Is Cameron Black A Real Magician? ‘Deception’ Is Unlike Any Cop Show You’ve Ever Seen
Let's face it — we've seen nearly every possible iteration of law enforcement on primetime television by this point. Oh, look — a police officer with a heart of gold who doesn't play by the rules. Oh, another police officer doesn't play by the rules, but now he's in Miami, so it warrants another hour time slot! The lack of variety leaves room for something new in the genre, and it sees like Deception, premiering March 11 on ABC could be that breath of fresh air. The show brings a little much-needed magic — literally — to a premise that's tried and true. But is Deception's Cameron Black based on a real magician?
It seems like Cameron, who will use his team of magicians to deceive and trick criminals instead of an awestruck audience, is purely fictional. Star Jack Cutmore-Scott has plenty of material to draw inspiration from, though, and he has real-life magicians helping him get used to the role.
"I’ve always appreciated it as a spectator, but I hadn’t ever performed any magic prior to the first episode of this show, so it’s been a bit of a steep learning curve," he told Entertainment Weekly. "But I’ve enjoyed it and I’ve been very lucky with the team I’ve had supporting me and holding my hand through all of it, David Kwong and Francis Menotti, who are two amazing magicians, and they’ve really kind of slow-fed me as much as I need to work my way through each trick in each episode so that I could at least feel comfortable pretending to be as comfortable as Cameron would be."
Kwong is an illusionist who's consulted on other magic-incorporated projects such as Now You See Me. And per Bleeding Cool News, Menotti is a magician and lecturer who has also "designed custom magic" for media and theater. Since they're helping to shape the Cameron's magic, technically, his technique at least is based on theirs.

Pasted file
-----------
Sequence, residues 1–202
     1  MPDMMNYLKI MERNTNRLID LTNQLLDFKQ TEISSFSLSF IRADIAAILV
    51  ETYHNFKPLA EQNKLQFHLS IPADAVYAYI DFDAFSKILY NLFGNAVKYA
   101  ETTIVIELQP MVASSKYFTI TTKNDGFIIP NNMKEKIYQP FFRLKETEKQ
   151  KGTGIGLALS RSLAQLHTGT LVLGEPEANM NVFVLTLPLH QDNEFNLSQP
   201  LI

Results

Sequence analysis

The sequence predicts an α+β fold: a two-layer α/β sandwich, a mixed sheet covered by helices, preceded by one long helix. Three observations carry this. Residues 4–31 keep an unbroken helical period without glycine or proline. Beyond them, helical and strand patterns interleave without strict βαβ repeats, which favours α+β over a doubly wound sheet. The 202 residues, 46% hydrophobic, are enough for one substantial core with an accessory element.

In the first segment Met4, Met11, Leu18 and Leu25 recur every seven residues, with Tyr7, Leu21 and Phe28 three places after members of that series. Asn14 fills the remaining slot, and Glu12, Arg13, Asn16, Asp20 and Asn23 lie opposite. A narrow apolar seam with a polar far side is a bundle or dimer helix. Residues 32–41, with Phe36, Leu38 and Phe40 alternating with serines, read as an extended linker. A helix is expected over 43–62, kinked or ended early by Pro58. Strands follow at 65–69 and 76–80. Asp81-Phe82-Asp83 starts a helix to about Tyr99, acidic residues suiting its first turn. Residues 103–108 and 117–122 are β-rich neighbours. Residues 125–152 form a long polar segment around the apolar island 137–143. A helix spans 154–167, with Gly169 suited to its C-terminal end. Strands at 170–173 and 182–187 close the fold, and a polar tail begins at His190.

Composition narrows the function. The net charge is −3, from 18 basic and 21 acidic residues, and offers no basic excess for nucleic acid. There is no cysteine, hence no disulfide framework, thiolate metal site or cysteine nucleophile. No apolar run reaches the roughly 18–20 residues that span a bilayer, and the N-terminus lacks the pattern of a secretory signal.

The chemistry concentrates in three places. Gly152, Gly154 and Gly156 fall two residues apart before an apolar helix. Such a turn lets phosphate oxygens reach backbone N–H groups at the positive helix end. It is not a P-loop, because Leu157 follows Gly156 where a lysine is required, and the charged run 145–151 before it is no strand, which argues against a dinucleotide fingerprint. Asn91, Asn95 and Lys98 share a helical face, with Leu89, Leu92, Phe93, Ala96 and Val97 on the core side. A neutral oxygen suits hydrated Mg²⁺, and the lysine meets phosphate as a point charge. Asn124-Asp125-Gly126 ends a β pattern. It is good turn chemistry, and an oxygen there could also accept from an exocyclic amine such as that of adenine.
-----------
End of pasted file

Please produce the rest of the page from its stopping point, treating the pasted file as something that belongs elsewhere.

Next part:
It's unclear how much Deception will actually let the audience in on the tricks these magicians are playing, but that could prove to be part of the fun. Those of us who are completely clueless about magic can be astonished at the kinds of stunts they pull off, and even if they do allow audiences to take a bit of a peek behind the curtain, they can feel like they're in on a secret. And, of course, Deception will have the same cop show dynamics we've come to know, expect, and love.
"We’ve got that buddy-cop element; we’ve got this stranger in a world of crime fighting, this bizarre skill set that somehow is appropriate to this new world he’s found himself in," the actor said in the same interview. "We also get to actually see the magic. We actually get to incorporate these illusions both on a large and small scale into the show, which isn’t something we’ve seen before in the same way."
It does seem like the series will be packed with action, pulling ideas from action classics like Mission: Impossible, according to the show's creator, Chris Fedak. "This is much more of an action show [than just a magic show]. So it’s Cameron Black working with his team of magicians to essentially create deceptions to, not trick an audience, but to capture bad guys," he said in the same Entertainment Weekly article. "And for me, when I was getting into it, I thought about Mission: Impossible, and I thought this is a show that’s not on air right now, and the glam and the flavor and just all the fun of these characters, it got me excited."
Even though Deception isn't based solely on a real magician, audiences still know the drill. We've seen the Criss Angels and the Penns & Tellers, the David Blaines and David Copperfields. In both magic shows and crime series, people have largely come to know what to expect. When those genres are thrust together like Deception has done, though, it's uncharted territory.